Apple Is Rejecting Games For Having Images Of Guns

Apple Is Rejecting Games For Having Images Of Guns

Apple has started to reject mobile games from the iOS app store for displaying guns in their promotional material and app store icons. So far, the regulation hasn’t had an impact on actual in-game content.

First reported by Pocket Gamer, mobile developers began receiving rejections from Apple on “iTunes Connect”, the portal through which the company provides feedback on app store games, in late January. The change was sudden enough that developer Orangepixel, which had released its mobile game Gunslugs II on January 16th, first learned about the new policy when it tried to release an update for the game roughly two weeks later, Orangepixel’s Pascal Bestebroer told Kotaku in an email.

“[The] rejection was only about one screenshot,” Bestebroer said. The image had been approved by Apple previously for the game’s original release. “The update was rejected by Apple because of the ‘violence’ in the screenshots (side note: Gunslugs 2 uses pixel-art, tiny 12×12 main characters and 1×1 blood pixels).”

Bestebroer said that the impression he got from Apple was that the company was that the promotional material for Gunslugs II had to be appropriate for a “4+” age rating:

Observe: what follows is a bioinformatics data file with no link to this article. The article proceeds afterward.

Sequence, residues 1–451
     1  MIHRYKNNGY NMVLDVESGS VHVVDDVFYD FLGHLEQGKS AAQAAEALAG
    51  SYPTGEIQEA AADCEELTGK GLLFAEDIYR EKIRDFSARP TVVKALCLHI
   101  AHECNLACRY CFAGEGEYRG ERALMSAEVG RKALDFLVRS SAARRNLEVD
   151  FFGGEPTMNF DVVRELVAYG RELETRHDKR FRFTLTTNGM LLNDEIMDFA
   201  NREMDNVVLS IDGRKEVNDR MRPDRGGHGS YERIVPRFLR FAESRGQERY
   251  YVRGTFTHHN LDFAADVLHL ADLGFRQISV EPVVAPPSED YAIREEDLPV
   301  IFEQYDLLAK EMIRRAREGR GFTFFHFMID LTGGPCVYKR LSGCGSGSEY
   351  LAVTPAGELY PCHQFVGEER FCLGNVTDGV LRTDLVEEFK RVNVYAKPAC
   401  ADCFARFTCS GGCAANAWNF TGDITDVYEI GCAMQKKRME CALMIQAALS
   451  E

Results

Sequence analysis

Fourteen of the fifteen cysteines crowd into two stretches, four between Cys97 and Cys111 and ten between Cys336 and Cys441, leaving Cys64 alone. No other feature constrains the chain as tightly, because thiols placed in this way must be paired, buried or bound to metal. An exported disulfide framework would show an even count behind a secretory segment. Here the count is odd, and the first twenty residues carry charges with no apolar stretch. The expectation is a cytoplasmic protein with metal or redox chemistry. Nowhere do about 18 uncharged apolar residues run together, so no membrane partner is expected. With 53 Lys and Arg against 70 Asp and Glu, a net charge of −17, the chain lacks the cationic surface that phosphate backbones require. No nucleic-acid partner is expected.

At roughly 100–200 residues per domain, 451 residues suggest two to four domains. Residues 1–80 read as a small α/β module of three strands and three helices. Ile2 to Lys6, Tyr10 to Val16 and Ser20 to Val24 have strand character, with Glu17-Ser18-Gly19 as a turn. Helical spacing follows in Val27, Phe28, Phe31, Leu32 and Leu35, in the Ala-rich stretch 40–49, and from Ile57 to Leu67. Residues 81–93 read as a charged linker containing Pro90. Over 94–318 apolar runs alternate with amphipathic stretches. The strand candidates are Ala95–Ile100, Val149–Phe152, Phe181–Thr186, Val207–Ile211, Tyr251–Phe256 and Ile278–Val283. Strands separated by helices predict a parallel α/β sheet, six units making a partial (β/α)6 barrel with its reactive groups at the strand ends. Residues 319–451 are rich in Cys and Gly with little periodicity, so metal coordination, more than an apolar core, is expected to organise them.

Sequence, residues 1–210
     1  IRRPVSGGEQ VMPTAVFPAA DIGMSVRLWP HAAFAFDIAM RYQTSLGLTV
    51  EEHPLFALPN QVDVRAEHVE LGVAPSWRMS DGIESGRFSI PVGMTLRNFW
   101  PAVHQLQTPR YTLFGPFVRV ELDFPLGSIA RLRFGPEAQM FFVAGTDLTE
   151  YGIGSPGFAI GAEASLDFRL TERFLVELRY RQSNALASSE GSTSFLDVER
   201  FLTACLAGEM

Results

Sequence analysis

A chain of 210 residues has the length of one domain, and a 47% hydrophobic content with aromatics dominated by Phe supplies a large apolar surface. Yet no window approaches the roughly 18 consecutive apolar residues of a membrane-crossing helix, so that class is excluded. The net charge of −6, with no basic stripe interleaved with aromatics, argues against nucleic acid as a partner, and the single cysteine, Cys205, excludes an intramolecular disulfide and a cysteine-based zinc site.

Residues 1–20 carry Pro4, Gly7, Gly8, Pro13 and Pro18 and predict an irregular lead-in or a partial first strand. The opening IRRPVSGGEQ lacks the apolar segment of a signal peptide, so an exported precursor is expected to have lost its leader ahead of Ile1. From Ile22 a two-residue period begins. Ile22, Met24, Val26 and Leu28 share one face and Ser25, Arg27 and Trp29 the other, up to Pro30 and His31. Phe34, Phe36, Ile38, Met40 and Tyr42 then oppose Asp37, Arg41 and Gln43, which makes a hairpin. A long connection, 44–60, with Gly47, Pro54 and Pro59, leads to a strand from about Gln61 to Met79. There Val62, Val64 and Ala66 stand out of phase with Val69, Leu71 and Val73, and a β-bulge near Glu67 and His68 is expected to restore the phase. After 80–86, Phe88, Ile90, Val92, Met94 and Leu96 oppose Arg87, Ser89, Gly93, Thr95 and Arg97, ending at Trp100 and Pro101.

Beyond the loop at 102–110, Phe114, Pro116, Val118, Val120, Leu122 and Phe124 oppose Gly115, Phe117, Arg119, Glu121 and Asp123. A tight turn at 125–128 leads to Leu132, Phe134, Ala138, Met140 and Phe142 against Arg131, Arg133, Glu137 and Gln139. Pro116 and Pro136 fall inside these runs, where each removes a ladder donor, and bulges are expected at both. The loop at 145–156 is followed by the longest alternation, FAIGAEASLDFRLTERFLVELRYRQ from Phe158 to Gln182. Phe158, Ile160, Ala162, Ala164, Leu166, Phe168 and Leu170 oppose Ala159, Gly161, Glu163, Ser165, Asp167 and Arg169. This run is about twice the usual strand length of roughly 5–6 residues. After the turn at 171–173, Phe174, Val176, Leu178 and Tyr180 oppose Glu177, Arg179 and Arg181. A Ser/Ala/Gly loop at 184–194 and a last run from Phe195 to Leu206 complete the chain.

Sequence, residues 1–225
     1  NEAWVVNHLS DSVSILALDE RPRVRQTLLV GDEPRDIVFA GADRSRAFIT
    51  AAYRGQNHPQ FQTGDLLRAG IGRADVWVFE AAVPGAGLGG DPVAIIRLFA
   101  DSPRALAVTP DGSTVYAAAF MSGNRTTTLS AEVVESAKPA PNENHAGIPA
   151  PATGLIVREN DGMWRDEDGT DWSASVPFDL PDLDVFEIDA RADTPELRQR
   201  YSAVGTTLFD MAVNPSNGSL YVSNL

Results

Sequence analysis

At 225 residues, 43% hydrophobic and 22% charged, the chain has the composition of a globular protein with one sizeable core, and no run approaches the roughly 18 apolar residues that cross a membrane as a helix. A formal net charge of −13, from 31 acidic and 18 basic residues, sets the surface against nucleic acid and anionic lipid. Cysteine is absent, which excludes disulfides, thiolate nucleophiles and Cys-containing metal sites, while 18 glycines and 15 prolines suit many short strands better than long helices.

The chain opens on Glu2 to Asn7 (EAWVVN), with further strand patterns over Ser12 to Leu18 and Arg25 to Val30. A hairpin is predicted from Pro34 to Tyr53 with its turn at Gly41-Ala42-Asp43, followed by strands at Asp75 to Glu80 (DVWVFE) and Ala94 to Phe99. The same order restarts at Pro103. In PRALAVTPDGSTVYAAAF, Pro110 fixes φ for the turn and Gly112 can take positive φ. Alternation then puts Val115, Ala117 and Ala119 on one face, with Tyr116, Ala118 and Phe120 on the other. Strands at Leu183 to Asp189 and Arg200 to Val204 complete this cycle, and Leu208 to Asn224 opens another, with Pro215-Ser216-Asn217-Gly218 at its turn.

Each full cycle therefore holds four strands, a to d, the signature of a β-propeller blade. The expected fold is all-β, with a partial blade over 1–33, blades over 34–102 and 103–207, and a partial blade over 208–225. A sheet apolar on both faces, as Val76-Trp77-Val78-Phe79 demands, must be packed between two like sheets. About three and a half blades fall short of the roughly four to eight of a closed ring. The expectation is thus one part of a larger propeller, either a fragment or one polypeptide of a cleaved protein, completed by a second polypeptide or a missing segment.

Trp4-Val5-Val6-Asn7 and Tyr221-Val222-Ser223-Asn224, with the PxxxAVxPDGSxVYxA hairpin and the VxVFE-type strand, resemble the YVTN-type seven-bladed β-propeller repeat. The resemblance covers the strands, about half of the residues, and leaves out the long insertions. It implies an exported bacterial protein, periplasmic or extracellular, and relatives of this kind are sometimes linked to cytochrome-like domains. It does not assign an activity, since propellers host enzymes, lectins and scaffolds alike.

The idea behind it, from what I understand, is that even tho the app has a 12+ rating, they do need icons and screenshots and basically the store-page to be 4+ rated. So screenshots should not show anything that is below the 12+ rating.. which is a bit hard to do for most action games.

Orangepixel didn’t end up changing the offending material, choosing instead to push back on Apple’s decision.

“I tried discussing it with them,” Bestebroer said, “explaining that if I search for ‘zombie’ or ‘call of duty’ on the app-store I get a lot more violent images then mine… finally I posted about it on my blog.”

The blog post, titled “Apples rejection freaks me out,” brought more attention to the issue. After that, Bestebroer said, “the game was approved within an hour or two.” He’s also released another update since then, which “got approved without problems.” Other developers haven’t had the same success pushing back against Apple, however. Since the regulation only applies to promotional material rather than actual in-game stuff, it’s much easier for developers to change the icons or screenshots for their game than appeal Apple’s rejection — a process that could preclude a game from receiving valuable updates.

It’s not clear how wide-ranging Apple’s new regulation is, or how many mobile game developers have been affected by it. Pocket Gamer’s story identifies four developers who’ve received rejections from Apple. When asked, a game developer confirmed this story for Kotaku but later asked us not to publish what they had said.

I reached out to Apple for comment on this story, and I will update it once I hear back.

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